Translated by Greg
See Trains From Around the World at Hara Model Railway Museum
The Hara Model Railway Museum houses an impressive collection of model trains from around the world, and the trains look authentically real as they travel around the indoor diorama.
Written by Jumpei Kawashima
The Minato Mirai area in the port city of Yokohama is popular with Japanese and foreign tourists alike. While taking in the beautiful ocean view, you can go for a walk, do a little shopping and enjoy various activities.
But did you know that there's a uniquely interesting museum here as well? Today we'll introduce you to the Hara Model Railway Museum, where you can see model trains from almost every country in the world.
It All Began With the Curator's Own Personal Model Railway Collection
The Hara Model Railway Museum showcases curator Hara-san's own personal collection of model trains, which reportedly exceeds 6,000 in total number. Hara has devoted his lifetime of 97 years to not only traveling the globe in search of various types of model trains, but also to making them by hand. Currently, the museum houses about 1,000 railway cars from his collection.
A Large Diorama Re-creates an Authentic Cityscape Right Down To the Smallest of Details
Inside the museum, one whole area is devoted to a large railway diorama, "Ichiban Tetsumo Park". Here model trains smoothly and lightly wind their way through a miniature town with realistic-looking streets and buildings, whisking imaginary passengers on to their next destination.
Within the diorama, a time and place in a certain part of the world is portrayed, and in a back alley a suspicious-looking character appears to be up to something! Right up to the finest details, creative ideas are used with the miniature people, buildings, and cars as well as trains and railways, so that the museum visitor never gets tired of looking at this cityscape scene.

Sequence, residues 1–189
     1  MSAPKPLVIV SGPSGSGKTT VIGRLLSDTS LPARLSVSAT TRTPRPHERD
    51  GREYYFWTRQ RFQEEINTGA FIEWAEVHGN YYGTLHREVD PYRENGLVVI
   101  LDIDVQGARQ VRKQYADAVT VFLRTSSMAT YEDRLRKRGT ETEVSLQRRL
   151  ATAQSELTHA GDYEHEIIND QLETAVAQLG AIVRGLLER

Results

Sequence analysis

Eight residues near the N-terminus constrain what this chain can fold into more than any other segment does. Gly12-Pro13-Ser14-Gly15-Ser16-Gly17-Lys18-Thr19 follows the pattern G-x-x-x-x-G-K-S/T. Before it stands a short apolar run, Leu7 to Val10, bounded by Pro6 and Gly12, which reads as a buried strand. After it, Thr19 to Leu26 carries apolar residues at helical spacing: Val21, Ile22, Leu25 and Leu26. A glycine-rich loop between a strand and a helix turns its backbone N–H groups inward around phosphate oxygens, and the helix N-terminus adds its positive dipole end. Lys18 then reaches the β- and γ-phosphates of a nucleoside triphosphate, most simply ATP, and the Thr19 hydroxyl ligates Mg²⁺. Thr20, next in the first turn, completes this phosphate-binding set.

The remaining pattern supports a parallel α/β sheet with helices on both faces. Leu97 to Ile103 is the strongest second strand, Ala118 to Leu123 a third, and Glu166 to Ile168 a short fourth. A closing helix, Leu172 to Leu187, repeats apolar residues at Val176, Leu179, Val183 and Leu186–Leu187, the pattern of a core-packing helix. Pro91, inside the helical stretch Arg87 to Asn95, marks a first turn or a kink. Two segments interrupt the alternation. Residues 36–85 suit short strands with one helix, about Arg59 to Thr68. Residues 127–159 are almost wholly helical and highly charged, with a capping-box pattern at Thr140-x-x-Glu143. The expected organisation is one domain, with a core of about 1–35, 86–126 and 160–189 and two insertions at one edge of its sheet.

Just like their real counterparts, iron is used in making the model train's wheels and the railways. So when the iron wheels run along the iron rails, the familiar click-clack sounds can be heard, giving the visitor a sense of nostalgia.
With the effective use of lighting, the span of one complete day can be experienced in this diorama. At roughly 30 second intervals, the street scene changes from dusk to night and then to daybreak. With the addition of special sound effects, everything is so lifelike, it gives you the feeling of actually being there in the town. Take in the realism of this diorama with your own eyes and ears!
A Total of More Than 1000 Train Cars!
In the display area, model trains of various sizes and from many countries are proudly showcased. In total, more than 1000! But perhaps more surprising is that this number accounts for only a small portion of the curator's personal collection.
In the museum's collection there are also precious and rare model trains limited to only a handful in the world. The collection has a wide variety of model trains that come in various shapes and sizes.
Beside every display there's a QR Code setup, that allows you to read the display's accompanying explanation by downloading a special application. For visitors to Japan, this service is conveniently available in 8 different languages (English, Chinese (Traditional and Simplified), Korean, Thai, German, French and Spanish). At the front counter (entrance), you can rent a tablet that reads the QR Code, so feel free to give it a try.
See How Railway Cars in Japan Have Changed Through the Years
Railways and trains that were previously used in Japan are also on display: for example the SL, which was a popular train during the Meiji Era, and also other trains which operated on local lines. Nowadays there are few opportunities to see these trains or their models, so this display will certainly arouse your interest.
In another corner of the museum, set against the backdrop of Yokohama's Minato Mirai, there's a re-creation of how JR Sakuragichō station has changed over the years. You get a panoramic view of Minato Mirai, a testament to Yokohama's growth and development as a port city.
Here also, lights are used to transform the cityscape from the daytime to an impressively realistic evening. Amidst Minato Mirai's stunning night view, passing trains lend an air of elegance and refinement to the area.
Inside the museum, there's also a flat screen monitor where you can see a photo gallery of railway pictures taken by the curator, Nobutaro Hara, while he was traveling the globe. These pictures offer a fascinating glimpse into Mr. Hara's life; in particular, his unending curiosity for railways and trains. The photo gallery is also in English so why not vicariously experience his world travels?
You absolutely have to make a visit to this special museum and look at the enormous model train collection!